The immunofluorescence staining was performed based on previously established protocols (Temel et al., 2012a; Lim et al., 2015b). After pre-blocking for 30 min in PBS-Triton (PBS-T) with 10% normal donkey serum, two double labeling stainings were carried out on the vmPFC HFS hippocampal sections using goat anti-Dcx (1:50) and rabbit anti-c-Fos antibody (1:500); as well as mouse anti-BrdU (1:50) and goat anti-c-Fos (1:100) as primary antibodies (all antibodies, Santa Cruz Biotechnology, Inc.) in 5% normal donkey serum for 3-day incubation. After rinsing, the sections were incubated with corresponding Alexa Fluor secondary antibodies (Alexa Fluor 594 donkey anti-rabbit, Alexa Fluor 488 donkey anti-goat, and Alexa Fluor 594 horse anti-mouse; each 1:200; Vector Laboratories) for 2 hr at room temperature. Finally, the sections were mounted on the Superfrost micro-slides (VWM, Illinois, USA) and cover-slipped with Vectashield (Vector Laboratories). To analyze sections for co-localization of cells, photographs were taken using a digital camera that was connected to a laser-scanning confocal microscope (Carl Zeiss, Oberkochen, Germany).
Total RNA was isolated from the hippocampal area (400 μm) of frozen tissue using TRIzol reagent (Life Technologies, Carlsbad, USA) as recommended and converted into cDNA. Real-time qPCR for neuroplasticity-related gene expression (Neuronal nuclei, NeuN/Rbfox3; Synaptophysin, Syn; Doublecourtin, Dcx; Nestin, Nes; Angiopoietin-2, Angpt2; S100-calcium-binding protein a4, S100a4; TIMP metallopeptidase inhibitor-1, Timp1; Chemokine [C–C motif] ligand-2, Ccl2; and BDNF) was performed using thermal cycler (Applied Biosystems 7500, Foster City, USA) and SYBR Green quantitative PCR mix (Applied Biosystems, Life Technologies, Warrington, UK). For details of primer sequences used, see Table 1. Data analysis of relative gene expression with reference to internal control by real-time PCR (Delta Ct) was quantified. Fold change was calculated using the comparative CT method as the ratio of the 2− and the 2(-Delta Delta C(T)) method.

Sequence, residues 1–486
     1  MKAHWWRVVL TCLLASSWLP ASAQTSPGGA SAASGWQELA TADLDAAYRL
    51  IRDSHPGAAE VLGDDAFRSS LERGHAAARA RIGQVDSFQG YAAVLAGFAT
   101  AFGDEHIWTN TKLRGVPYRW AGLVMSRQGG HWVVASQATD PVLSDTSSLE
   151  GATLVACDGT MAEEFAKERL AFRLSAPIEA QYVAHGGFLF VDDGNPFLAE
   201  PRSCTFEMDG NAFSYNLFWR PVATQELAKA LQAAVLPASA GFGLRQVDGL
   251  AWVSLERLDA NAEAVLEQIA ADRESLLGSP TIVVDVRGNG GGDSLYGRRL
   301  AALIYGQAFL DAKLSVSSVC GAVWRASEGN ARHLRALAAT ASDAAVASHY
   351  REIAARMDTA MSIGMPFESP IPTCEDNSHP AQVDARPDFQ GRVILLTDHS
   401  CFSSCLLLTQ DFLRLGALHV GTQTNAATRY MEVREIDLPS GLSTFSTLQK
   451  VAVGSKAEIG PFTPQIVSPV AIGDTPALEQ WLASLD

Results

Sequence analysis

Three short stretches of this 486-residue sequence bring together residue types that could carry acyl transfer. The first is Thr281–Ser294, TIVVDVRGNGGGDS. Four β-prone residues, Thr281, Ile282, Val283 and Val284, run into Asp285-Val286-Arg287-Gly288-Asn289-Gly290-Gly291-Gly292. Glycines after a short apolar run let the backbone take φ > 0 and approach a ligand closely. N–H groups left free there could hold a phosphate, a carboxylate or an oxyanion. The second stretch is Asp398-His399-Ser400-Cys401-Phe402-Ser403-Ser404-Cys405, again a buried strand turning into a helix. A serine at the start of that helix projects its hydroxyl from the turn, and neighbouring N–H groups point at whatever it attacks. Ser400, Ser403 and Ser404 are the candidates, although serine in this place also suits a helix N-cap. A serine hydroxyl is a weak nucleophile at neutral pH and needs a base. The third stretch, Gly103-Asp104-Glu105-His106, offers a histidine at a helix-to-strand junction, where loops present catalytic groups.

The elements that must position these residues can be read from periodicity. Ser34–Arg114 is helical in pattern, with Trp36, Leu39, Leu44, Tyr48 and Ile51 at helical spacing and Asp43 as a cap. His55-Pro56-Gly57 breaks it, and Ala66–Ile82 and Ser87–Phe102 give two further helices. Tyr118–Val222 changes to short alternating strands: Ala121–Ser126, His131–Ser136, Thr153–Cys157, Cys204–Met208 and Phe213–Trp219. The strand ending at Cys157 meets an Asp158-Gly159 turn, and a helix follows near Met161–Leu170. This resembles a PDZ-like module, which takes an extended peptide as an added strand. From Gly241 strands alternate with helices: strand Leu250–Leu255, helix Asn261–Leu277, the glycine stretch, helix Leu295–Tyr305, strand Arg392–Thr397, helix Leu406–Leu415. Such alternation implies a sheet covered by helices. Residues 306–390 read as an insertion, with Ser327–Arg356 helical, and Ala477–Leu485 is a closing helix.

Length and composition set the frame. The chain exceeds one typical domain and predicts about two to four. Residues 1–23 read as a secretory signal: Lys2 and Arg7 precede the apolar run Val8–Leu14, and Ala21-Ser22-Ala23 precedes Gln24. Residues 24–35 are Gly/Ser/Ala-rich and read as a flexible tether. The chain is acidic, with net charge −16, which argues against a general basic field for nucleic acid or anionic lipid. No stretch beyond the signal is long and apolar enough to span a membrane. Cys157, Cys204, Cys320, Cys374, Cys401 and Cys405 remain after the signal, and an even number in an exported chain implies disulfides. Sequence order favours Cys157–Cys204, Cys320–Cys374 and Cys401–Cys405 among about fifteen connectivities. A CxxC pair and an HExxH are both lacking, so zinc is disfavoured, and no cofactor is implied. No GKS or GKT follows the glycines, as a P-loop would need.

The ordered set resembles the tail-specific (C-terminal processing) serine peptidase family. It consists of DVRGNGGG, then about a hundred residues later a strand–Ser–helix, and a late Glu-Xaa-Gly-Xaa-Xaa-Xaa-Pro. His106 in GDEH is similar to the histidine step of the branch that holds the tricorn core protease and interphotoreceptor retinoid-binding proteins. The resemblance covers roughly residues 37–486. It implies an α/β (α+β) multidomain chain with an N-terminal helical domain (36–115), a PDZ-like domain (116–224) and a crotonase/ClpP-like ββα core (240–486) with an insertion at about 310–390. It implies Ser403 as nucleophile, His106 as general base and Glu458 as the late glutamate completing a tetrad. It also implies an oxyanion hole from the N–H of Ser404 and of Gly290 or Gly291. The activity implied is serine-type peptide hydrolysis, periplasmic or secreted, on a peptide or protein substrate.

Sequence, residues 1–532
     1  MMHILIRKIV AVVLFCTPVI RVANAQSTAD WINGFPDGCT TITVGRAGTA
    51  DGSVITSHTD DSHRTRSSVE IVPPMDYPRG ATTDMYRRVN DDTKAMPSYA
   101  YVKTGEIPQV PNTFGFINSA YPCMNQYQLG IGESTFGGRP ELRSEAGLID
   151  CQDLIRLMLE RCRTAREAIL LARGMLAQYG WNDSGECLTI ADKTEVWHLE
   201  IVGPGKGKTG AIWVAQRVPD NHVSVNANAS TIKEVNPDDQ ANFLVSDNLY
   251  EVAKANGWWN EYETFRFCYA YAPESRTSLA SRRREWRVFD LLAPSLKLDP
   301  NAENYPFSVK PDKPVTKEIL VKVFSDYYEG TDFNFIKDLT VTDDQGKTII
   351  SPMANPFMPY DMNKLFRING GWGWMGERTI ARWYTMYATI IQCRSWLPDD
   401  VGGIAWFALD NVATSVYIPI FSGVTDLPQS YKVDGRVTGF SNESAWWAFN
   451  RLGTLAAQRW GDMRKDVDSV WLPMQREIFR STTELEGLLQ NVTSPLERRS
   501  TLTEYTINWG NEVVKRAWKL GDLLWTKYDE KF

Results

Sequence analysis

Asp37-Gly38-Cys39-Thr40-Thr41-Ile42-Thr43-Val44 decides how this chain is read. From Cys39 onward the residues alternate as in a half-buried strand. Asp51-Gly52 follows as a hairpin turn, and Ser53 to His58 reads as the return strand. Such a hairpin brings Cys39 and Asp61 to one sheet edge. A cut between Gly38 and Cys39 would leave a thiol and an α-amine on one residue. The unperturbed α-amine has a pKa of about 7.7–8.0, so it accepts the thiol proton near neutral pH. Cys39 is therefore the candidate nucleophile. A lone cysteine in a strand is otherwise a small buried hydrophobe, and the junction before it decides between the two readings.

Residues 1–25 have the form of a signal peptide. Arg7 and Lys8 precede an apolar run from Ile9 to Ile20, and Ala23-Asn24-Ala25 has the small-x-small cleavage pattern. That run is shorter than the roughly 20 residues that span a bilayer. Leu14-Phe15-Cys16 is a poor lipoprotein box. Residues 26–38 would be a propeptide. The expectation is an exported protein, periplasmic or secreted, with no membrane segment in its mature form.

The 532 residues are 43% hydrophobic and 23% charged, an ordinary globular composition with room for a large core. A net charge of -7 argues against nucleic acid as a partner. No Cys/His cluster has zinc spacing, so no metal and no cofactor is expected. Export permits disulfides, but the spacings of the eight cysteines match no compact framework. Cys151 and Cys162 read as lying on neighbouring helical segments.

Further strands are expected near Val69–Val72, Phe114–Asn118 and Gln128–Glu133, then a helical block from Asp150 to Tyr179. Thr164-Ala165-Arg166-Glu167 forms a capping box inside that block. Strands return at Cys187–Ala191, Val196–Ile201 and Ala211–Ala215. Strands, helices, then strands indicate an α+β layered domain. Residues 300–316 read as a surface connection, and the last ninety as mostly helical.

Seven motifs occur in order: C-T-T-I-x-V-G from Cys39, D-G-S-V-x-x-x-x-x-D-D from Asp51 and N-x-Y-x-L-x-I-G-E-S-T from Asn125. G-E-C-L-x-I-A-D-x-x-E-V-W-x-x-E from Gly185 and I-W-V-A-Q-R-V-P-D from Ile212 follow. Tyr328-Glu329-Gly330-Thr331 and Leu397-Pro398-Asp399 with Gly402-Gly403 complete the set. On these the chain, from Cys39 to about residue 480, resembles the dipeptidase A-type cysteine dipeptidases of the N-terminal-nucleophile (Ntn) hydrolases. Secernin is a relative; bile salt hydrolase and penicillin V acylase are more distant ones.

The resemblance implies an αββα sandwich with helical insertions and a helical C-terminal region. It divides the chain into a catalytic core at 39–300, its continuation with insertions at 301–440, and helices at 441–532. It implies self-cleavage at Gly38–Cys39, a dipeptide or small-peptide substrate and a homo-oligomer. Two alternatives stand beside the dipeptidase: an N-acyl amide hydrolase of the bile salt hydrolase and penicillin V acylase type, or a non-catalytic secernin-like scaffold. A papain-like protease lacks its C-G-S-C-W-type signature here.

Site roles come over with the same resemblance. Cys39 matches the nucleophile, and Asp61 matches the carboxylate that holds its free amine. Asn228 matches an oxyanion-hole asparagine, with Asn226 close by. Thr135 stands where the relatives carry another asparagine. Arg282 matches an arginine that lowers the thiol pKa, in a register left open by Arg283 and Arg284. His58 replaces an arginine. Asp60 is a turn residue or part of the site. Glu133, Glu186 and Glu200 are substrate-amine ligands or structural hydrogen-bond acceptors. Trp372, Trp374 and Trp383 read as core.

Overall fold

Data analysis was performed using the IBM SPSS Statistics 20. The results were presented in box plots (with interquartile ranges and S.E.M) or mean ± S.E.M, unless otherwise indicated. Kolmogorov–Smirnov test was used to examine the data normality distribution. The behavior data were analyzed by either three-way or four-way ANOVA with repeated-measures, and Bonferroni post-hoc tests or independent sample t-test was used for detailed comparisons, as appropriate. Paired sample t-test was used to compare differences between the novel and familiar objects. The data for gene expression and morphological study were analyzed by either independent sample t-test or non-parametric Mann–Whitney U test, as appropriate. Pearson correlation coefficients with Bonferroni correction were calculated to examine the relationship between different variables related with the hippocampal neuroplasticity and the behavioral measures. All p-values <0.05 were considered significant.